60 Quick Knitted Toys
(Sixth & Spring Books, 184 pages, $17.95)
If you are looking for adorable toys to knit, look no further. Here you’ll find stuffed animals with tons of personality, puppets, rattles, dolls, balls and more. There’s a knitted castle, Life-Size Lucy who is 38 inches tall and a fishing game play set.
All the projects are made in Cascade Yarns 220 Superwash, a classic wool yarn that comes in an overwhelming number of colors and a variety of weights: sport, worsted and aran. All three weights of yarn are used in the book. Although using the specified yarn is always ideal, you can easily substitute another yarn for most of the projects.
With 60 cute patterns (and they are cute, every one of them), this is a great value. At the cover price of $17.95, you are paying just 30 cents per pattern for a great toyknitting resource. Just remember, no one says you have to have a kid to knit a toy!
Sometimes you just want to knit a little something. Sometimes you want to knit a little something more. No matter what your knitting mood, we’ve got you covered with suggestions from quick little knits to complex cables.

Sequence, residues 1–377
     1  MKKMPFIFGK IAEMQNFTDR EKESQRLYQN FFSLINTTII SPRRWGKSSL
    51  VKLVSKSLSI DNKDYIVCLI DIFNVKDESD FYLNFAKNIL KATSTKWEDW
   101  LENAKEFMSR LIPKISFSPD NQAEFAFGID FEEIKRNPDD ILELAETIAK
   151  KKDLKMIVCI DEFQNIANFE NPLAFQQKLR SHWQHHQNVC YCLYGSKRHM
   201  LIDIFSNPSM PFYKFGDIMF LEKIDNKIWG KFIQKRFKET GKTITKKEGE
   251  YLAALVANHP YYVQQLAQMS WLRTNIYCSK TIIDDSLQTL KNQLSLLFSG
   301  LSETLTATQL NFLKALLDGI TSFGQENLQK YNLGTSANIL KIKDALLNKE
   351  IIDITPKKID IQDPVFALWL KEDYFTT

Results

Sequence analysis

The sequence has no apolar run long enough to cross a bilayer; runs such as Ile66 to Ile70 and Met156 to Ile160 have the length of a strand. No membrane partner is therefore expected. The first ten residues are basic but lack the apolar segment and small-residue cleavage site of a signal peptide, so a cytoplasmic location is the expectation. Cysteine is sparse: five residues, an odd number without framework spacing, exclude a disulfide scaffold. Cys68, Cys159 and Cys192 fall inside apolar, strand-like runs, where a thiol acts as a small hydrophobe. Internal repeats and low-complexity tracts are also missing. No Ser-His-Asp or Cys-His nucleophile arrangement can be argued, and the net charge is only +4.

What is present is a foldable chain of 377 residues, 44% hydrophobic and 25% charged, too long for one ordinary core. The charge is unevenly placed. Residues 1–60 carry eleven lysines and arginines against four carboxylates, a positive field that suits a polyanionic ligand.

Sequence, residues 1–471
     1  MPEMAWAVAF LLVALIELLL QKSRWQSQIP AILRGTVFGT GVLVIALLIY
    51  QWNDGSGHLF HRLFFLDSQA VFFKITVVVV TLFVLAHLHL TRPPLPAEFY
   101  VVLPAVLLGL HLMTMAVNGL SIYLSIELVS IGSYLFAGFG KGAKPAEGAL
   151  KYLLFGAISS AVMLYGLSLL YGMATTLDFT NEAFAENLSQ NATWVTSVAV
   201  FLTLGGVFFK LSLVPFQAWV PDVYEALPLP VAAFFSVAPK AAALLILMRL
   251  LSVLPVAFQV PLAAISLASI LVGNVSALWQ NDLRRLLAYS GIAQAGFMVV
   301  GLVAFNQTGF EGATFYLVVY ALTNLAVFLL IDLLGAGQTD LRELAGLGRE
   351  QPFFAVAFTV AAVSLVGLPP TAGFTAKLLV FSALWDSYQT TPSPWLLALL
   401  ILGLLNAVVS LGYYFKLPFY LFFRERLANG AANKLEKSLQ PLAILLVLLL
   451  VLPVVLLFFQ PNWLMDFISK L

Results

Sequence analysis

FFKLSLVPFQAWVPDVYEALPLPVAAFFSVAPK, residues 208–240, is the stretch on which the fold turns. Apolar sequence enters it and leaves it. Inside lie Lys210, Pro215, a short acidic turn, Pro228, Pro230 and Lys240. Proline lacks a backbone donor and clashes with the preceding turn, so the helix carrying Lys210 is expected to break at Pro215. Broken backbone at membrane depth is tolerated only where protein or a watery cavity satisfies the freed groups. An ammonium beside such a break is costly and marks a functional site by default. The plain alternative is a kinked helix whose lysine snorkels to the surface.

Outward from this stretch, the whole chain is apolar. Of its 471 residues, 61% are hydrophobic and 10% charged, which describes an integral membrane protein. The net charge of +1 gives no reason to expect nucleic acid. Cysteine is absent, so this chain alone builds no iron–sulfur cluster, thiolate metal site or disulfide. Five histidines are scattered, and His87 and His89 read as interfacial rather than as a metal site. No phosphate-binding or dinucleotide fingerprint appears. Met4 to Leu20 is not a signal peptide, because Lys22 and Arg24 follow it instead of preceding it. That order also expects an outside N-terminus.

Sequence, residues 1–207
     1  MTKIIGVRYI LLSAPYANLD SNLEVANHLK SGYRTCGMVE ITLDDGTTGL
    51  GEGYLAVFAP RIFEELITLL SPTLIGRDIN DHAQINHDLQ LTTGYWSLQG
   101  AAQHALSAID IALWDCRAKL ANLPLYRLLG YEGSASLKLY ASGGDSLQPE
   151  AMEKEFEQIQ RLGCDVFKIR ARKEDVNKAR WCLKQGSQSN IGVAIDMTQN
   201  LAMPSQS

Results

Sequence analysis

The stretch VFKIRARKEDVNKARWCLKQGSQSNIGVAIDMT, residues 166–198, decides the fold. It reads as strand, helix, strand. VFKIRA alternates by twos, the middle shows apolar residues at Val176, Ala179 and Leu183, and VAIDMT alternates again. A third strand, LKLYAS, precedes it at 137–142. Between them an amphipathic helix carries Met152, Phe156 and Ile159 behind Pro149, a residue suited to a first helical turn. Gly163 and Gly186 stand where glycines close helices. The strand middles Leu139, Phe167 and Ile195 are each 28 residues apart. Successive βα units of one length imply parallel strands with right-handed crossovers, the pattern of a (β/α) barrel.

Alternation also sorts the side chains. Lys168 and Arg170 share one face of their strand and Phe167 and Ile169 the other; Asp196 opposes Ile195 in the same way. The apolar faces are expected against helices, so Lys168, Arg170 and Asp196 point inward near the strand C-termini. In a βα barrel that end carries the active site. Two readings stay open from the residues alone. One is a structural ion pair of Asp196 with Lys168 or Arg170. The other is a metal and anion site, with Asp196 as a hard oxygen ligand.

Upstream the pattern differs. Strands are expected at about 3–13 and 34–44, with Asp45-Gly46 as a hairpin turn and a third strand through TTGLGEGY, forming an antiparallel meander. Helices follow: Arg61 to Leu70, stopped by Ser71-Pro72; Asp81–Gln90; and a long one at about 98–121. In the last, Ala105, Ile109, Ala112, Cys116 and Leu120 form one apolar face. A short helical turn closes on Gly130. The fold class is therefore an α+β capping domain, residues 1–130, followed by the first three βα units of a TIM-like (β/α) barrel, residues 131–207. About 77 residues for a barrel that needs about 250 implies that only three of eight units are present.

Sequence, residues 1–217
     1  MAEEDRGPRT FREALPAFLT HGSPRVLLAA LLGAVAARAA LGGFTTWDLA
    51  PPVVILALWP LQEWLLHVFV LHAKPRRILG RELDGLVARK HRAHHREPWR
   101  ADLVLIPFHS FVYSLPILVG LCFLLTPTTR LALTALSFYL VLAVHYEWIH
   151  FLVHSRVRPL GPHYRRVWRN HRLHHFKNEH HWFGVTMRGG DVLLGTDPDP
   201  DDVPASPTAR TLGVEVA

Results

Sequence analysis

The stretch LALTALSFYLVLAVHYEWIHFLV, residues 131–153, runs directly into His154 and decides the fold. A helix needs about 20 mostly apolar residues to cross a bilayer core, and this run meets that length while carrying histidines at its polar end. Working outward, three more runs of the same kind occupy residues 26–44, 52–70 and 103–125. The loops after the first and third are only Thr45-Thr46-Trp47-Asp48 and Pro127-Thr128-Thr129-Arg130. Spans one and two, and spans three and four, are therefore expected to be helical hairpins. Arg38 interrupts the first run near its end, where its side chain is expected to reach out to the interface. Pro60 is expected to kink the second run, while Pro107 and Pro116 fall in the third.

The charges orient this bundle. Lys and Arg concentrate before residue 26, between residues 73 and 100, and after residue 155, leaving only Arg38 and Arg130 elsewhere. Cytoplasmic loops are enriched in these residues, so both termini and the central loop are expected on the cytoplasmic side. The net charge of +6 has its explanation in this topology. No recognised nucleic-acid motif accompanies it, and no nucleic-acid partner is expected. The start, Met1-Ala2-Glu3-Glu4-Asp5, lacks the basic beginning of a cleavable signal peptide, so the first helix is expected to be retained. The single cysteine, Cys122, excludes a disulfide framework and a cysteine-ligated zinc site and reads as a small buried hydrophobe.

Crafting in Self-Care There’s a new subscription box in town—one that focuses on the impact of crafting for mental health. HavenTree’s quarterly box contains two craft projects (from knitting to clay to stamping), self-care items to pamper yourself, and Cultivate, an an exclusive publication teaching therapeutic tools. For $49.99 (plus shipping) per shipment, subscribers will receive a seasonal care package full of beautiful things to use and make—and tools to take care of themselves. Learn more at www.haventreebox.com. Knitting That Responds to You A digitally knit canopy installation from the Jenny Sabin Studio, called Lumen, was constructed in New York this past summer. The yarn, composed of tubular structures and cellular components of recycled materials is amazingly photoluminescent and solar, soaking up and delivering light. The results are an ultralight fabric that adapts to bodies, sunlight and heat, responsively cooling or lighting the area around it for a remarkable knitted experience. Learn more at www.jennysabin.com/lumen. Jenny Sabin Studio. Lumen. 2017 (rendering above). Winner of the Young Architects Program 2017, MoMA PS1, New York. Courtesy Jenny Sabin Studio. Call for Donations Started in a small Wisconsin town by Evie Rosen, Warm Up America! comforts the young and old in homeless shelters, hospitals, veterans homes, senior centers, hospice and more with lovingly stitched afghans, hats and scarves. You can help today, in the simplest of ways, by knitting a 7 x 9-inch piece that they will sew into a blanket. One stitch is all it takes to soothe a spirit. Visit www. warmupamerica.org for more information on how to donate.